The next gut-punching, compulsively readable Kate McLaughlin novel, about a girl finding strength in not being alone.
When eighteen-year-old Dylan wakes up, she’s in an apartment she doesn’t recognize. The other people there seem to know her, but she doesn’t know them – not even the pretty, chiseled boy who tells her his name is Connor. A voice inside her head keeps saying that everything is okay, but Dylan can’t help but freak out. Especially when she borrows Connor’s phone to call home and realizes she’s been missing for three days.
Dylan has lost time before, but never like this.
Soon after, Dylan is diagnosed with Dissociative Identity Disorder, and must grapple not only with the many people currently crammed inside her head, but that a secret from her past so terrible she’s blocked it out has put them there. Her only distraction is a budding new relationship with Connor. But as she gets closer to finding out the truth, Dylan wonders: will it heal her or fracture her further?
Thank you so much to NetGalley and Wednesday Books for the eARC of this thoroughly researched and compelling novel centered around a young adult woman diagnosed with Dissociative Identity Disorder. I went into reading this book completely blind; having not even read the synopsis. All I knew is that I love Kate McLaughlin’s writing– having read ‘Daughter’ and ‘What Unbreakable Looks Like’ previously. To say I was pleasantly surprised is an understatement: I love glances into mental disorders and have been interested in DID since watching United States of Tara as a teenager myself.
Kate has done a beautiful job bringing Dylan and her alters to life. When we first meet our protagonist, she is coming to at an unfamiliar place and realizes that she has lost three whole days with her last memory consisting of being at a coffee shop. This begins a journey to figure out why this has happened, and after some run-ins with people who know her face without her being able to reciprocate and other instances of time loss– Dylan is diagnosed with DID. She meets some of her alters: Lannie, Kaz, and Dali to name a few, and begins to understand that something terrible happened in her childhood to bring them all to life.
What follows is an absolutely chilling and heartbreaking voyage into Dylan’s mind to finally piece together what she’s been hiding from herself for years. Thankfully, she has an amazing support system, including her famous mother, her only best friend, and a boy named Connor that she met while she was not in control of her own body. This is a story of self-discovery, but also one of familial and romantic love, and the lengths we go to in order to protect ourselves and the ones we adore. Kate weaves a narrative that you will not be able to put down, and one that will give you new insight on DID itself. This novel is brilliant, and I’m so lucky to have gotten to experience it.
Scarlet’s life is pretty average. Overly protective mom. Great friends. Cute boy she’s interested in. And a father she’s never known – until she does.
When the FBI show up at Scarlet’s door, she is shocked to learn her father is infamous serial killer Jeffrey Robert Lake. And now, he’s dying and will only give the names and locations of his remaining victims to the one person, the daughter he hasn’t seen since she was a baby.
Scarlet’s mother has tried to protect her from Lake’s horrifying legacy, but there’s no way they can escape the media firestorm that erupts when they come out of hiding. Or the people who blame Scarlet for her father’s choices. When trying to do the right thing puts her life in danger, Scarlet is faced with a choice – go back into hiding or make the world see her as more than a monster’s daughter.
Kate McLaughlin’s Daughter is a novel about trying right deadly choices that were never yours to begin with.
Thank you so much to Wednesday Books and NetGalley for the invitation to read this chilling release from one of my favorite authors! I fell head over feet for Kate after reading an ARC of ‘What Unbreakable Looks Like’, and the raw emotion I found there did not relent in this reading experience. Kate knows exactly how to weave striking tales around sensitive subjects that others are either too afraid to touch, or are usually seen from a totally different perspective. This one, specifically, calls to those who have grown up watching true crime shows– but is a love letter and a release for the victims of said crimes. Even more than that; it puts a special spotlight on the ones who’ve survived and must carry the name with them. Daughter explores the weight someone else’s shadow can put on you.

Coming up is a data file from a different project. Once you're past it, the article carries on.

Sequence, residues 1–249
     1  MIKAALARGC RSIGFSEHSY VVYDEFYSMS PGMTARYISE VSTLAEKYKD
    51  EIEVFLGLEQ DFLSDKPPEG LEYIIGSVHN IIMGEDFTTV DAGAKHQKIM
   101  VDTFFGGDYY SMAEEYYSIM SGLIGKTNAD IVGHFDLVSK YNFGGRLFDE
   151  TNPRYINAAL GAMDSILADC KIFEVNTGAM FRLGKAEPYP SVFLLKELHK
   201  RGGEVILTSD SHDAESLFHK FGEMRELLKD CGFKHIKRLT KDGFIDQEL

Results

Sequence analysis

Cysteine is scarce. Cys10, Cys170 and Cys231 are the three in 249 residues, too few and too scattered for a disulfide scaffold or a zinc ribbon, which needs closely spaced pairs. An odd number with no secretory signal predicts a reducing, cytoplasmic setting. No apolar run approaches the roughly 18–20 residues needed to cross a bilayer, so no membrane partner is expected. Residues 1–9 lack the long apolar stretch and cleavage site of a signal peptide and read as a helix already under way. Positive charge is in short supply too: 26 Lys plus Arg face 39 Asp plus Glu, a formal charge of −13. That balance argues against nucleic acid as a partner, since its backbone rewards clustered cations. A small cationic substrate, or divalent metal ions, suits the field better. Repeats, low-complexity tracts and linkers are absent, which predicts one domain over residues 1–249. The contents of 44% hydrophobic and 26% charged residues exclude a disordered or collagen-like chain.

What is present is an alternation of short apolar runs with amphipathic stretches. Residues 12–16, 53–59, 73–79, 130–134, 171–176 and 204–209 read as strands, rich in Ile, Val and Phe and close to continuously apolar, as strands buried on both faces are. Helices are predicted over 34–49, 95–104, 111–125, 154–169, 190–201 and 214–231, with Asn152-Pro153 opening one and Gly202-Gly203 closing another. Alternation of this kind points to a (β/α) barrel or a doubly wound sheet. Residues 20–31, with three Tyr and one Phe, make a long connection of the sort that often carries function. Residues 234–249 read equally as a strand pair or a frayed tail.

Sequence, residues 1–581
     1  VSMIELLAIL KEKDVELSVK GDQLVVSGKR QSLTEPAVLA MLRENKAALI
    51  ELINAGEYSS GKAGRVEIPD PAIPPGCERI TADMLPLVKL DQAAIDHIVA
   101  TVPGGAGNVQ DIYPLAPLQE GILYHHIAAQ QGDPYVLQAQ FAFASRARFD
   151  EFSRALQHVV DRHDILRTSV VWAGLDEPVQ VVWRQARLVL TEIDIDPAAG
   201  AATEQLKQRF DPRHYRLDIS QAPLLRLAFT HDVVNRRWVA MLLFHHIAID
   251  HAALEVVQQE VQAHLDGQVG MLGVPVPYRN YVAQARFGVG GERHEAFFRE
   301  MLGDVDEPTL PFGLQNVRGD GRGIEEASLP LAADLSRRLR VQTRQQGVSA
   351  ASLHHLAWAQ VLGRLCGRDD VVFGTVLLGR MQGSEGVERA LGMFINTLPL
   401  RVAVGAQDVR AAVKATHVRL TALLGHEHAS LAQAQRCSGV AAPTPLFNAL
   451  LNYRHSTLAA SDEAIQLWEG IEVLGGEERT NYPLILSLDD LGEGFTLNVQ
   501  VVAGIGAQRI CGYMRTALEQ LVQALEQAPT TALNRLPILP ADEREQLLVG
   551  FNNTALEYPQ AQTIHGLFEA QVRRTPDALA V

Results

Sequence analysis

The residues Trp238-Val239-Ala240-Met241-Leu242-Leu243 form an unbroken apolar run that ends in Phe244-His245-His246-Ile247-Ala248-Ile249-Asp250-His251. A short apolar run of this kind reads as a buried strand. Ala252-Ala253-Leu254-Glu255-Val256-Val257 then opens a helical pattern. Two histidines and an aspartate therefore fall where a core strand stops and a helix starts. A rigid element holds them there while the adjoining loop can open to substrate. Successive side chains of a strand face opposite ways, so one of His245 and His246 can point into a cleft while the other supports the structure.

The daughter in question is Scarlet Murphy, who– up until a duo of FBI agents show up– has been living a normal life. She is in high school, has a group of girlfriends, and has just gotten a chance with the boy she likes. Then she learns she is actually Britney Lake; the only child of serial killer Jeff Lake. Everything falls down around her as she struggles with this news, finding out her mother has been lying to her for her entire life– but also seeing who her true friends and allies really are. Scarlet is given the chance to speak to her father, and she agrees. Despite who he is and how shocked she is, Jeff has told the FBI he will give his daughter the names of the girls he was never convicted for. Scarlet hopes to give the families peace– and that includes herself and her mother.
I related to this novel in many ways, and I think that speaks to how intricate the themes are within it. On the surface, it is a shift in perspective– assuring that readers focus on the marks instead of the predator– but it takes only a scratch to reveal what’s underneath. We have Scarlet, raised by a single mother. She’s told all her life her dad left, and when she meets him, she wishes it were only so simple. There’s no denying how much it hurts feeling like you weren’t wanted, like you weren’t good enough for someone. What may be even worse, however, is knowing that the person who is supposed to love you, to be there for you… only has use for you when it benefits them. Despite that trauma, Scarlet finds first love, finds a dream, a purpose. This daughter’s story reminded me that my own is not over. In fact, both are just beginning.
Thank you to St. Martin’s Press for providing me with all of this information!
Lex was taken–trafficked–and now she’s Poppy. Kept in a hotel with other girls, her old life is a distant memory. But when the girls are rescued, she doesn’t quite know how to be Lex again.
After she moves in with her aunt and uncle, for the first time in a long time, she knows what it is to feel truly safe. Except, she doesn’t trust it. Doesn’t trust her new home. Doesn’t trust her new friend. Doesn’t trust her new life. Instead she trusts what she shouldn’t because that’s what feels right. She doesn’t deserve good things.